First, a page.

Forest & Bird and Fish Forever are thrilled that three areas of the Northland coast will be protected as a result of an Environment Court decision released in November.
Two areas – around Mimiwhangata peninsula and between Maunganui Bay/Deepwater Cove and Oke Bay in the Bay of Islands – will be acknowledged as rāhui tapu and fishing will be prohibited. The third area, around Rākaumangamanga/Cape Brett, will have a bottom trawling and purse seining ban.
A map of the areas is available from the Northland Regional Council here
“While the final details of the plan protections are still before the Court, it’s a cause for celebration,” says Dean Baigent-Mercer, Northland Conservation Manager for Forest & Bird, “Out of the huge Northland coastline, there will be some areas where life beneath the waves can recover from the impacts of fishing.”
“The newly protected areas will leave a positive legacy of recovery at the exact time when resilience is needed most from a changing climate and ocean.”
The final decision is expected in February 2023 and comes after Forest & Bird and Fish Forever worked with kaumātua of Ngāti Kuta and Te Uri o Hikihiki to appeal the Northland Regional Council’s Regional Plan for Northland, which did not include fishing controls.
The organisations and hapū used the precedents established in the Bay of Plenty by the Motiti Rohe Moana Trust’s case, which ruled that regional councils can protect significant native biodiversity in the sea out to 12 nautical miles.
Protection much needed after decades of overfishing
Overfishing of Northland’s east coast began in the 1960s and 70s. Commercial operations initially hammered down fish populations, which were unable to recover because of continued pressure from recreational fishers, who came in ever increasing numbers and with more sophisticated fishing boats and gear. Fish size, populations and diversity have withered.
In particular, harvest of large numbers of big snapper and crayfish has led to an explosion in kina populations, which graze kelp forests down to the rock, leaving underwater deserts.
“These kina barrens along Northland’s coastline have led to generations of people thinking a depleted sea and almost empty reefs are normal,” says Mr Baigent-Mercer.
The situation has been urgent for some time. Dr Roger Grace’s 2007 research along the Mimiwhangata coast, between Mōkau and Whananaki, revealed 1.74 legal-sized crayfish per hectare, compared with 800 legal-sized crayfish per hectare at Tāwharanui Marine Reserve.
About the new protected areas
Mimiwhangata is small peninsula between the Bay of Islands and Whāngārei that reaches towards the Poor Knights Islands. It’s surrounded by small islands, sandy beaches and rocky reefs that stretch out 4 km.
When life beneath the waves rebounds at Mimiwhangata, it is likely to be more diverse than around Goat Island near Leigh. The area is licked by subtropical currents that support species rarely found on the mainland coast, including foxfish, combfish and tropical surgeonfish.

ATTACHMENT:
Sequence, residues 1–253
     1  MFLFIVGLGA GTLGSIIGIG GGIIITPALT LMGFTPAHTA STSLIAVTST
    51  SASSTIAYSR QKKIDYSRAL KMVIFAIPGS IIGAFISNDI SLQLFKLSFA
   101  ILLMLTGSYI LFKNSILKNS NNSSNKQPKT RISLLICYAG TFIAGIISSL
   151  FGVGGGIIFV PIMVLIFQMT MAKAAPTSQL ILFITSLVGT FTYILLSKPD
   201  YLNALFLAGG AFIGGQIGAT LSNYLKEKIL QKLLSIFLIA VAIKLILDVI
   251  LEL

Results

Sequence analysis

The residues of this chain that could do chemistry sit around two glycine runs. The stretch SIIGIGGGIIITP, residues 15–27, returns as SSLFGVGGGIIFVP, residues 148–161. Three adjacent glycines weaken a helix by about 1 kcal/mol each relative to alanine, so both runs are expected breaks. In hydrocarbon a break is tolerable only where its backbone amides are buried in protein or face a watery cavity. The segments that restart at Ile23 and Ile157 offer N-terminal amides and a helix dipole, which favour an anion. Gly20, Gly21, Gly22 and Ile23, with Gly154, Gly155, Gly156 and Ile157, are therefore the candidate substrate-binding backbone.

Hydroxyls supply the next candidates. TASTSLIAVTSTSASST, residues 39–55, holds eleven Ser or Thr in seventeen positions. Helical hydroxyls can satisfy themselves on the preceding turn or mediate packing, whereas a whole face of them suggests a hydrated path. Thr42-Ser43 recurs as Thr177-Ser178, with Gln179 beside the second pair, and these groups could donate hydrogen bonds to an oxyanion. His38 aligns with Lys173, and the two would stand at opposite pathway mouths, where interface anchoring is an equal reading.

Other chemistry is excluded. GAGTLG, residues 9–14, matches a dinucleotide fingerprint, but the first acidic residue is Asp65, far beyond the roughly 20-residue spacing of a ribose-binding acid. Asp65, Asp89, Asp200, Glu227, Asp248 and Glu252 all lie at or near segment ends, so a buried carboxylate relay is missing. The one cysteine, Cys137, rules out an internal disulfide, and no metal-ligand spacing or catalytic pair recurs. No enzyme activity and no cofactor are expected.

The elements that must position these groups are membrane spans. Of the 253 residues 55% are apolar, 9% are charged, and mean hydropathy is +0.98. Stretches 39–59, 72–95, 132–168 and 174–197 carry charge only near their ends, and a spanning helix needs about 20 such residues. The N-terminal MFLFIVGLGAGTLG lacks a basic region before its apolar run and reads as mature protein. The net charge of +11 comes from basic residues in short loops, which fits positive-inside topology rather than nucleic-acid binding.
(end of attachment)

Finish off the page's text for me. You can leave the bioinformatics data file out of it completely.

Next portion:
Along with the bounce-back of crayfish and snapper, it is hoped rare species – such as ivory coral, red-lined bubble shell, callianassid shrimp, sharp-nosed puffer and sabretooth blenny – will become more common.
“The two rāhui tapu at Mimiwhangata and Rākaumangamanga will recover to become incredible places to snorkel or dive and see abundant fish life,” says Karen Field, spokesperson for Fish Forever.
“They will be two new areas with protection from fishing that people won’t need a boat to visit – of which there are only a handful across the country.
“That means many more people will be able to experience the wonder of flourishing marine life by simply snorkelling off the beach.
“Year-by-year we would expect to see the return of abundant parrotfish, black angelfish, red moki, koura, snapper, wrass, leatherjackets, red pigfish. And best of all they’ll just be hanging out living their lives unafraid of us being in the water with them.”
At the third new protected area, Rākaumangamanga/Cape Brett, there are great upwellings of nutrient-rich deep water into shallower coastal waters. This feeds a lively ecosystem of seabirds diving into ‘work ups’ of many species and sizes of fish. It has been an area targeted by purse-seine netting which encircles the mass of fish and birds and traps them to pull them onboard. This method, along with bottom trawling, will now be banned around Motukōkako Island and the end of the Rākaumangamanga/Cape Brett peninsula.
Images available of newly protected areas and species expected to now thrive are available on Dropbox. Photographers must be credited as per the file names.
Acknowledgement of years of effort and support
Forest & Bird and Fish Forever would like to thank all the mātauranga Māori and scientific experts, divers, economists, planners and lawyers who illustrated the problems and impacts of both recreational and commercial fishing in the Environment Court.
We acknowledge the many decades of marine biology research by the late Dr Roger Grace, Vince Kerr and Dr Vicky Froude beneath the waves and the foresight of Matua Houpeke Piripi of Ngātiwai who made a decree that formed the anchor stone for protection around Mimiwhangata and all the hapū and kaumatua who have worked to make this a reality.
We would also like to acknowledge the input of the late Jeroen Jongejans who presented evidence to the Court about the massive benefits to New Zealand tourism of having healthy undersea marine life for people to see when diving and snorkelling.
“The intricate knowledge of seasonal changes, fish breeding habitats, timing and changes kaumātua experienced through their lifetimes was invaluable and is a lesson to all,” says Mr Baigent-Mercer.
Press release and quotes from Northland hapū, Ngāti Kuta and Te Uri o Hikihiki, available here